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Shuttle Endeavour preparing for launch

CAPE CANAVERAL, Fla. — NASA fueled shuttle Endeavour for an early morning launch in darkness Sunday with the last major pieces of the International Space Station.

Stiff wind rattled the launch site Saturday night as the fuel flowed into the shuttle, but forecasters were hopeful the gusts would subside in time for the 4:39 a.m. liftoff. The odds of good weather were 80 percent.

Technicians had to adjust the flow of air into the crew cabin before fueling could begin. That made fueling a half-hour late but was not going to affect the launch time.

Endeavour is loaded with a new room for the space station, as well as an observation deck. Once both of those are installed, the orbiting complex will be 98 percent complete.

The six astronauts assigned to the mission slept all afternoon to prepare for the graveyard shift during the 13-day flight.

It was expected to be the last shuttle launch in darkness.

NASA Administrator Charles Bolden reminded journalists on the eve of the launch that there are only five shuttle missions left. "You're going to have to figure out what else you're going to do, along with us," he said.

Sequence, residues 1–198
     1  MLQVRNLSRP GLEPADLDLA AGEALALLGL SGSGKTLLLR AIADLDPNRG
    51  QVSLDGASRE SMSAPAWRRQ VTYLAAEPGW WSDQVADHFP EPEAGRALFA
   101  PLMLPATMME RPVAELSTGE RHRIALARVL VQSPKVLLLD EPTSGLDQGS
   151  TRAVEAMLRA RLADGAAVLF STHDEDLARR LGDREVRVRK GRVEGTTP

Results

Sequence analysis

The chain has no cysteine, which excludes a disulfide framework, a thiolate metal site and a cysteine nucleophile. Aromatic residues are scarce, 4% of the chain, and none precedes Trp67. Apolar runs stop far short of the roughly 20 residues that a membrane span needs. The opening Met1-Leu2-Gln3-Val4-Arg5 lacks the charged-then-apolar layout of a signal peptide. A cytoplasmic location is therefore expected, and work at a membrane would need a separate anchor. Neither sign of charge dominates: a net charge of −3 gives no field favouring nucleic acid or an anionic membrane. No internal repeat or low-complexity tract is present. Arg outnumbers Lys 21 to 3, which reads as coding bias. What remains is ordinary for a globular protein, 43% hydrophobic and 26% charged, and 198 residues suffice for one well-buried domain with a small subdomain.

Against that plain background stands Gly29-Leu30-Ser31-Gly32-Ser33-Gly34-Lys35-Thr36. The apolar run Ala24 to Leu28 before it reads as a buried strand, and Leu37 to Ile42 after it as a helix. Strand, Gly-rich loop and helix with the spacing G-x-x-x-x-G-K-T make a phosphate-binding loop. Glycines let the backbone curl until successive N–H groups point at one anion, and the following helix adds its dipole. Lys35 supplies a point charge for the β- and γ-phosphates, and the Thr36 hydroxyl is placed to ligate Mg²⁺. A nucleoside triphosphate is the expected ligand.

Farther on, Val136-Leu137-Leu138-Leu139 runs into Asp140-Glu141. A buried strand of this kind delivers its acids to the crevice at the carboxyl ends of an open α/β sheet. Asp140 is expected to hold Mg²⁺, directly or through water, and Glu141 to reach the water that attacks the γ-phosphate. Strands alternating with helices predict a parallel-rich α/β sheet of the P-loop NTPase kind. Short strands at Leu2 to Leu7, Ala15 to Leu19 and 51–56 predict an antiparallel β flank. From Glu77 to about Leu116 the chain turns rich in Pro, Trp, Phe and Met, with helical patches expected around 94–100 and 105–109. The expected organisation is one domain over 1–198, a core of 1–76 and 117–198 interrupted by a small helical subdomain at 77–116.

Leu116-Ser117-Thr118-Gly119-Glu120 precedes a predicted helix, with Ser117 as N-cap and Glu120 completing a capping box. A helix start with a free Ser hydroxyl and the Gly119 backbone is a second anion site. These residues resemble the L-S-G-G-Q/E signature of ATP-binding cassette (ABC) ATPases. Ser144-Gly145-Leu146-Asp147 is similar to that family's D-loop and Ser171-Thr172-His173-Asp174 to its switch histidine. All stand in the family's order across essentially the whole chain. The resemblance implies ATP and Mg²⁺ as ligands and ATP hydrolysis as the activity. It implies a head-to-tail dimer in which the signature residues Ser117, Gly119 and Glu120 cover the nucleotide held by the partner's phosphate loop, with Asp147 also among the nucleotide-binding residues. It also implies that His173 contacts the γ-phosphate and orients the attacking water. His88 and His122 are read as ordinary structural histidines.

In an hourlong news conference, Bolden accepted the blame for the way the NASA work force was informed of President Barack Obama's plans to dismantle the Constellation moon exploration program. In the proposed budget that was released Monday, Obama set NASA on a new post-shuttle path. Specifics were lacking, but the moon was no longer at the forefront. Neither were the Ares rockets that NASA had been working on for so long. Shuttle managers on Friday used the words "shock" and "angst" to describe their colleagues' mood.

"Why wasn't the NASA work force better prepared for this?" Bolden said. "You're looking at the guy who's responsible. I will take the heat."

Bolden, a former shuttle commander, said he did not listen to his advisers on how to present the information and has spent the past few days apologizing to everyone. "I was stupid, I admit that. I didn't do it right," he said.

As for the future, Bolden said the country needs a big rocketship to carry heavy loads if astronauts are to venture beyond Earth's orbit. He said he wants to use the lessons of Constellation to capture new technologies and build that rocket.

"While we will phase out the Constellation program per se, I don't want to throw away the baby with the bath water," he said.

Bolden said he envisions such a rocket — capable of carrying astronauts to the moon, Mars or asteroids — ready to fly sometime between 2020 and 2030. He personally favors Mars.

Whatever the destination or rocket, the new way forward will be "significantly better than what we got rid of," Bolden said